Despite the development of comprehensive treatment technology, the cases of cervical cancer have increased from 528,000 in 2012 to 570,000 in 2018, and the deaths have increased from 266,000 in 2012 to 311,000 in 2018 (1, 2). The higher regional morbidity incidence was found in developing countries, which was 3 to 10 times higher than developed areas (1, 3, 4). Therefore, cervical cancer has become one of the most important public health challenges. According to the National Comprehensive Cancer Network (NCCN) guidelines, it is recommended that patients with stage IB1 and IIB cervical cancer undergo radical hysterectomy (RH) and/or chemoradiation (5). However, the traditional treatment methods would seriously affect patients’ endocrine and reproductive function, and some patients lost the chance to get effective treatment when diagnosed due to the large tumor size (3, 4). Gradually, preoperative neoadjuvant chemotherapy (NACT) caught clinicians’ attention, which might provide more survival benefits (3–9).
Since neoadjuvant chemotherapy was proposed and applied to the treatment of cervical cancer in the 1980s, more and more studies have focused on NACT (7–14). NACT can treat patients with distant metastases and shows great efficacy in both reducing recurrence and improving survival (7–9, 12) In 2019, the NCCN pointed out that select patients with FIGO stage IB2-IIB disease may accept RH or NACT followed by RH (5).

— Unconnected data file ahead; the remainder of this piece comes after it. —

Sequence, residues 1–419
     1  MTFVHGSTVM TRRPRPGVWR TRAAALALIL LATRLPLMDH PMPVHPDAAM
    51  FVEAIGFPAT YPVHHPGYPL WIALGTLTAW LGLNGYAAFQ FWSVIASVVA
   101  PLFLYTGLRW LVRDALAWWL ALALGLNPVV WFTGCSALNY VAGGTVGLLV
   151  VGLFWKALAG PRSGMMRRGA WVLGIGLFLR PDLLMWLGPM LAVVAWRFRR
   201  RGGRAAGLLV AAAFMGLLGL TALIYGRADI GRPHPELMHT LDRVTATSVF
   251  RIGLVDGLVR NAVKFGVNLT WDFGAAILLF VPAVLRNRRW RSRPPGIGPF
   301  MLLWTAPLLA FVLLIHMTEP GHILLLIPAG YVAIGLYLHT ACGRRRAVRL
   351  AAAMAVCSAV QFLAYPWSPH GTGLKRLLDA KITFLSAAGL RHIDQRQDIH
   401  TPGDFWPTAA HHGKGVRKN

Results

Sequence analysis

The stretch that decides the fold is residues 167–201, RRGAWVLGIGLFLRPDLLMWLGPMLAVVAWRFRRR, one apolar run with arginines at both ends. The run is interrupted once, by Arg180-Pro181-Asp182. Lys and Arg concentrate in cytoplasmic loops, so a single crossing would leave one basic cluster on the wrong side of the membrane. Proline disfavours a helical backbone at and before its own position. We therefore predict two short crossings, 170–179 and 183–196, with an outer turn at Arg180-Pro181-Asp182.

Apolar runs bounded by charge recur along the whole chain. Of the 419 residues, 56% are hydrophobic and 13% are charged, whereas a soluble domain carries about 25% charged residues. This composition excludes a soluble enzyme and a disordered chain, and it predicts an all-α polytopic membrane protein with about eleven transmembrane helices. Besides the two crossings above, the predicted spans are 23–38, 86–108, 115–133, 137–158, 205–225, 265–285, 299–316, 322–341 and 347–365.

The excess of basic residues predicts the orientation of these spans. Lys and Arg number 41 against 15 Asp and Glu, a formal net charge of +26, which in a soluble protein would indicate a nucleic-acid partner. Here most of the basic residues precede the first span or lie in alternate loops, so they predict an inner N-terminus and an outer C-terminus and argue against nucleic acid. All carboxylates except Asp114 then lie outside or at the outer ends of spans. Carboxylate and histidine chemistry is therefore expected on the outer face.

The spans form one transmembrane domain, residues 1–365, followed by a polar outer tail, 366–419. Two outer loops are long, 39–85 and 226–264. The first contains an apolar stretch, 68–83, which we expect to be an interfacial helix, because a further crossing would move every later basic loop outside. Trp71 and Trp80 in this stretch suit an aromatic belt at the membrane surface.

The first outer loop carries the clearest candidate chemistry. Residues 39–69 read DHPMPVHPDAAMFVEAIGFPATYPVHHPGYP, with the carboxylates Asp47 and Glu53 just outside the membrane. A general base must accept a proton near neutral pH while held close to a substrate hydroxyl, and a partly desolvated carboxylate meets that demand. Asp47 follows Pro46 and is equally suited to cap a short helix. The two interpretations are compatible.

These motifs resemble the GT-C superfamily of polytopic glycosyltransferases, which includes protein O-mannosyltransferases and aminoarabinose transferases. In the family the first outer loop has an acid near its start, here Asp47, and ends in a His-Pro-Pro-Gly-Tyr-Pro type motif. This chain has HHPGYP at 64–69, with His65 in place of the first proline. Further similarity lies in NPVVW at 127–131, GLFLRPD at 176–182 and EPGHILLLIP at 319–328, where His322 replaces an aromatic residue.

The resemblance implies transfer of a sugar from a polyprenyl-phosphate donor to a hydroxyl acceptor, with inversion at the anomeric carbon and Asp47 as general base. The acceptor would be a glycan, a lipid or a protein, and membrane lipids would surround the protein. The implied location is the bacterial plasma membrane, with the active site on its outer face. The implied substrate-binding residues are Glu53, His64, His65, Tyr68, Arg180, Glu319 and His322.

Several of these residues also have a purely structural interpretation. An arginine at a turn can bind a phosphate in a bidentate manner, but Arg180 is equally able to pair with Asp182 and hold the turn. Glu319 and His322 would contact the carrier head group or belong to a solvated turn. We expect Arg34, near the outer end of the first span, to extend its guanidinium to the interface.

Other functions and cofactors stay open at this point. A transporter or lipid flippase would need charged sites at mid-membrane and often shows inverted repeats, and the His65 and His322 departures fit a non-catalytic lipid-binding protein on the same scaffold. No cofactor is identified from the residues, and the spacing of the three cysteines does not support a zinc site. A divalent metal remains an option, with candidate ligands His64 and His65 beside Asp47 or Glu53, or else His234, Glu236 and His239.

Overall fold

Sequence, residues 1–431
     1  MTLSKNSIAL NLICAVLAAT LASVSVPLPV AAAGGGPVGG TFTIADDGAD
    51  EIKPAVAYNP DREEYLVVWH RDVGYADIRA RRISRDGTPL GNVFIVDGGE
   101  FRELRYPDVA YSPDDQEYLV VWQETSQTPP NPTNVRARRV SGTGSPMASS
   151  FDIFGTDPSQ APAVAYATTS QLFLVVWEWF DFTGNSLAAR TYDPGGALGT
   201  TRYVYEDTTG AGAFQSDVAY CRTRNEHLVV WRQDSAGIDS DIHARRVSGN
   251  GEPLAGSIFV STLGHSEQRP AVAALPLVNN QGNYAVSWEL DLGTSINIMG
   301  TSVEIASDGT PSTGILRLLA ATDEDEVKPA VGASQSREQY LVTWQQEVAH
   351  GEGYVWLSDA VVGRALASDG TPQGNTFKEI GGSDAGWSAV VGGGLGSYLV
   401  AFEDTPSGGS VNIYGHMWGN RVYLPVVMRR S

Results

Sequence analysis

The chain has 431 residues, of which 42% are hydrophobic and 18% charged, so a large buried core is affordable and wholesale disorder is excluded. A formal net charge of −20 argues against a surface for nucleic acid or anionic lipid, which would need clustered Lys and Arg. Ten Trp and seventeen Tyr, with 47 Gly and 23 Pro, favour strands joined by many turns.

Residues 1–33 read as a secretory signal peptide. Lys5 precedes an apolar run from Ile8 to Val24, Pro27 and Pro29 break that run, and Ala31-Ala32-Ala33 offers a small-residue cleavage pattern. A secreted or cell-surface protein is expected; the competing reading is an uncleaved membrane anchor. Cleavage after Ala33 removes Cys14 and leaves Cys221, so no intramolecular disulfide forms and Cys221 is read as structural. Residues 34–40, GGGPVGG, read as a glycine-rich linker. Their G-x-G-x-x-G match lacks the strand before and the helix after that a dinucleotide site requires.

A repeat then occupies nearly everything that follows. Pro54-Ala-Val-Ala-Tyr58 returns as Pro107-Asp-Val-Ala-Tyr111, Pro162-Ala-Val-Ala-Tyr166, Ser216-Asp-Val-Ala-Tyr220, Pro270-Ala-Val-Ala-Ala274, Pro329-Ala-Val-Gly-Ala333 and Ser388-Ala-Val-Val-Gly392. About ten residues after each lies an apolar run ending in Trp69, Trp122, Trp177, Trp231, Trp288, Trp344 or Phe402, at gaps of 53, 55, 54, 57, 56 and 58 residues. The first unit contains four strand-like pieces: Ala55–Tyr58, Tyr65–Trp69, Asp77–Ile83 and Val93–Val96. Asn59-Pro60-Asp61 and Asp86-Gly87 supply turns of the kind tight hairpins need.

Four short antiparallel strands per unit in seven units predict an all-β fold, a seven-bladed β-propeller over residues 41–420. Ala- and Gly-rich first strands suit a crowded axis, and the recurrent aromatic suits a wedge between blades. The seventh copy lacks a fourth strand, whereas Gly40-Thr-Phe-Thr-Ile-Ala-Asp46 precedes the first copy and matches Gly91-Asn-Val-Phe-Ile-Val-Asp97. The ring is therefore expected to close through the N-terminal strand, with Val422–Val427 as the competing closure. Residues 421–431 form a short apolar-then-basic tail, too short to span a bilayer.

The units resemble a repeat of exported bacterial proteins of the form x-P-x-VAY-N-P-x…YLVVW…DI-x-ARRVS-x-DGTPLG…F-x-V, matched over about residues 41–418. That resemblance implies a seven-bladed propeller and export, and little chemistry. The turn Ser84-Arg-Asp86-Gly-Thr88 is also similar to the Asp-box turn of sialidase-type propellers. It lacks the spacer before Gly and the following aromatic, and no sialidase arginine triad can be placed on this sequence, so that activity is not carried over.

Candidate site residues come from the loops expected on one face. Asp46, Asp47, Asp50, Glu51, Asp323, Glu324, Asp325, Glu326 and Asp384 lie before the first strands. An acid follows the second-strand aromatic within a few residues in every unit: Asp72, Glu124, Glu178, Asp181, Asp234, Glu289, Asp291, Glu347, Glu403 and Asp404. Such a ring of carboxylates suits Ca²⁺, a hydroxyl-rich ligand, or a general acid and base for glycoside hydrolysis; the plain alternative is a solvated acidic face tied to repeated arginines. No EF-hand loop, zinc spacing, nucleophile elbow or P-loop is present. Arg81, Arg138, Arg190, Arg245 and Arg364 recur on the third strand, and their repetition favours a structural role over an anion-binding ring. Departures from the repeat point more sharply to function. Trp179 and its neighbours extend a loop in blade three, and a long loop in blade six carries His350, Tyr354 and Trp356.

Actually, there existed many risk factors affecting the prognosis of cervical cancer, among which lymph node metastasis (LNM) was one of the most important high risk factors (3, 4, 6, 8, 9). The presence of LNM and the increase in positive lymph node (LN) number were followed with higher recurrence rates and lower survival rates (15). Therefore, to explain the efficacy of NACT, we need to pay attention to the impact of NACT on LNs, which the previous studies ignored.
Therefore, the aim of this study was to conduct a meta-analysis of the literature on NACT followed by radical surgery and to evaluate the effect of NACT on LNM in FIGO stage IB1-IIB cervical cancer.